OBGM-BRINGING AN ORGY OF PUNK

With origins, initially in the world of underground Canadian rap, OBGM have trodden a slightly different path into the world of raucous, thumping, post punk rock.

Influenced by bands like Bad Brains and Trash Talk, the quartet of Densil McFarlane (the founder), Colanthony Humphrey, Joe Brosnan and Jemuel Roberts have been pushing their inimitable style and energy forged on the festival circuits of Canada since 07.

With a debut eponymous album due for release in September fans finally get a full collection of work to get their punking rocking gnashing teeth into after an eight-year gap since their last release. Due for release on the 08 09 17 it’s quintessentially OBGM but as Joe states, more ‘intensified’ than their ep Interchorus back in 09.

Released on the Black Box label and mixed by Dave Schiffman who has worked with names like The Bronx, the album is a banging project-it’s low fi, it’s grating guitar riffs it’s anarchic anti-establishment noise.

#itchysilk got some time to talk to three quarters of OBGM about their sound, love-making and orgies.

 

As one of the founders of OBGM, Dens can you chart how a young Canadian black boy came to love rock?

Dens– I remember the exact moment. There was a hip-hop show that was on television where artists would come in and reel off their top 10 tracks. So, Redman and Method Man were on the show and their number 1 video and track was Smells Like Teen Spirit (1991) by Nirvana and I was like ‘what is this?’-from then on, I was a bit more public about my love for rock.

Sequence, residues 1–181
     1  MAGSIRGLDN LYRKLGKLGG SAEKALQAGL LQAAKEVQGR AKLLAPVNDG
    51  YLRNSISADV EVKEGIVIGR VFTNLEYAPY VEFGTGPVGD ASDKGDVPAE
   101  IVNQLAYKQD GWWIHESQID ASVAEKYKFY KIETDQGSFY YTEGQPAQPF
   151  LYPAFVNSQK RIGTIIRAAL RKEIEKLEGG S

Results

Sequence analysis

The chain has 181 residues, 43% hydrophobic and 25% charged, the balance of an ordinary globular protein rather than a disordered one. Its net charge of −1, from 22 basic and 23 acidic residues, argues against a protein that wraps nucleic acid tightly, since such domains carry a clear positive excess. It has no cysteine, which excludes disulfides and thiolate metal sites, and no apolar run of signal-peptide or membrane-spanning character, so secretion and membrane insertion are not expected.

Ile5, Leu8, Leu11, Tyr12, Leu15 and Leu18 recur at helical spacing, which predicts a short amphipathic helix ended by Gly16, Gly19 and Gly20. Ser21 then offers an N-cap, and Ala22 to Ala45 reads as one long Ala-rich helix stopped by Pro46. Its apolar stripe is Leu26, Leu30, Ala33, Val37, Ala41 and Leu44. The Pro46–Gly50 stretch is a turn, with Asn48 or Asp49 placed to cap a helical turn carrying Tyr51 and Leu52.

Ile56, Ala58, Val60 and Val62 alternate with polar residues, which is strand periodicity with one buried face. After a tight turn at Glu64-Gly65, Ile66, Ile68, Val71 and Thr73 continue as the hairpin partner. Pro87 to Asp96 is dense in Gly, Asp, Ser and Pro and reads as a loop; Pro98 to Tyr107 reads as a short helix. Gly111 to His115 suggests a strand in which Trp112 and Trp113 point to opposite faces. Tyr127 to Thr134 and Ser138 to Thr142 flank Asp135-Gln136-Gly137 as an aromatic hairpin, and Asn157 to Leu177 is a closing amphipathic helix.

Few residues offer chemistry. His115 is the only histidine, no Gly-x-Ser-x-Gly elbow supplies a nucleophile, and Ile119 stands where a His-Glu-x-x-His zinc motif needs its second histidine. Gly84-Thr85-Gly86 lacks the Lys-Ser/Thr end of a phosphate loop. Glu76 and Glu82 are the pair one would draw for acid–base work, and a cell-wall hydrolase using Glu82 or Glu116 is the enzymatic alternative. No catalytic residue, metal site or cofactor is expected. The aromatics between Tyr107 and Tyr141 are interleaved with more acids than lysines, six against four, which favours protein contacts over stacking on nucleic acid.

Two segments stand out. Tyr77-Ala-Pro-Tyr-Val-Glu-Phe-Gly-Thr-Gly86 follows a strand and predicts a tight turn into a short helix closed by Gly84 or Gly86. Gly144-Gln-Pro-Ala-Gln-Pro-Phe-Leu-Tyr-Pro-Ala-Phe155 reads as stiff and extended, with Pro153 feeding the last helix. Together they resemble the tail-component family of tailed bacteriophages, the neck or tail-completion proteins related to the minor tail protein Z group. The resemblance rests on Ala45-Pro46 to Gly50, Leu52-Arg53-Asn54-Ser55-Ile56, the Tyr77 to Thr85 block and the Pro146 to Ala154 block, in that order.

Was it difficult being black and loving rock?

Cola-To be honest when Dens came to me and said he wants to start a rock band I was against it. Back in the day you would get beaten up in my neighbourhood if you were caught listening to rock music. I did listen to an eclectic range of music when I was growing up but initially I was into hip-hop. Rock music was not something I was looking at-I found rock music through Dens.

You were leading the way towards becoming rock gods?

Dens-I was not fully out there but then I looked up the history of rock and found Jimi and Chuck Berry it really had an impact on me. It was amazing at that time to find black people involved in a music that I was not fully public about. They all played instruments they all controlled people’s emotions with their instruments and that just amazed me.

You sound like you were totally fascinated with rock?

Dens-I was really fascinated with the genre like Alanis Morrissette would pop up on the screen and I would know the lyrics to loads of her songs. At that time, I was not about to be singing it down the street but I was aware of what was going on. But as I said having artists who looked like me performing this music helped me validate my thoughts about the music.

And that moment you decided to form OBGM?

Dens-The realisation that I wanted to make a band happened when I saw the film Purple Rain (1984) and I saw Prince driving in on that motorcycle he looked real cool and I wanted to be that guy. So, I realised that I needed to learn the guitar to be that guy!

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The moment you realised you were helping things change?

I remember when we saw our video on the TV for the first time. I knew then that we were literally the only black people on tv doing this type of music and that meant something to me.